During the termination process, the Veterans offered feedback about their treatment, describing these same principles as they unfolded during the course of treatment. Unity was seen in the groups as they could act as one and accept and honor their differences. They shared the commonly held belief that they knew best what was needed, the therapist helping them to find that innate wisdom of the body. The non-violence was seen as the absence of therapist-directed treatment. Most, if not all, made reference to the fact that they were not judged, were accepted, and were never told what to do or that they “have a problem.” In terms of mind, body, and spirit holism, they commented about being acknowledged as a whole person.
The question is not which treatment model works the best, but which treatment models, working in unison with the wisdom of other treatment models, will work with each individual. The more inclusive the treatment model, the more success will be realized.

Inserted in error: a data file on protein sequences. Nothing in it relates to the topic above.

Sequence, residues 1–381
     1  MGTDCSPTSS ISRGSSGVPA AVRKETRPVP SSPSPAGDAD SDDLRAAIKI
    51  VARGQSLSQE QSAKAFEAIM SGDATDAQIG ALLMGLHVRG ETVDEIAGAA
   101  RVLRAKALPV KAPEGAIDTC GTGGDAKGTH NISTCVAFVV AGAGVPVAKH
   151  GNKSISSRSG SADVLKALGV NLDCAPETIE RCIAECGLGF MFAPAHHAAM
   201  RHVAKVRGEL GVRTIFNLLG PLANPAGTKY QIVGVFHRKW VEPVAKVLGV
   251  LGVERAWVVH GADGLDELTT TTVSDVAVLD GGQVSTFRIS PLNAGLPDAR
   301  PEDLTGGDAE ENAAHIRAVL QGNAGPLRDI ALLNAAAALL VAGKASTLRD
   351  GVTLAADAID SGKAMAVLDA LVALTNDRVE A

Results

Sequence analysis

Moreover, the whole person must be taken into consideration. This includes not only the mind, but body, spirit, culture, and lifelong experiences that shape an individual. It also includes an awareness of how each person organizes the self around these experiences to defend oneself and to develop a more balanced and nuanced world view, and the ability to better distinguish present experience from past traumas and threats. Sensorimotor Psychotherapy, along with other somatic-based, body-oriented psychotherapies, adds the component of working with and through the body. Additionally, it facilitates working with slices of the traumatic experience to both complete unresolved and unprocessed actions during a traumatic event through an Act of Triumph and to help the individual find the missing attachment experiences. The Principles of SP can guide treatment providers to safely and successfully work with traumatized patients, allowing them to become aware of their physical reactions and attachment wounds, integrate both body and mind, and reach a transformation that can be practiced and lived in daily life.